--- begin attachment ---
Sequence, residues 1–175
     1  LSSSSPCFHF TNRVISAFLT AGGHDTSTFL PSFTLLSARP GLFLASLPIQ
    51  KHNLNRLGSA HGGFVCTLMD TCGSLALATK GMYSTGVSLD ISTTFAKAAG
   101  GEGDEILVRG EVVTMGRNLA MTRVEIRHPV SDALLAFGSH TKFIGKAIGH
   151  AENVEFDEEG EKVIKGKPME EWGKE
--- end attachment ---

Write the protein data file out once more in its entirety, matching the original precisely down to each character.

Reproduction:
Sequence, residues 1–175
     1  LSSSSPCFHF TNRVISAFLT AGGHDTSTFL PSFTLLSARP GLFLASLPIQ
    51  KHNLNRLGSA HGGFVCTLMD TCGSLALATK GMYSTGVSLD ISTTFAKAAG
   101  GEGDEILVRG EVVTMGRNLA MTRVEIRHPV SDALLAFGSH TKFIGKAIGH
   151  AENVEFDEEG EKVIKGKPME EWGKE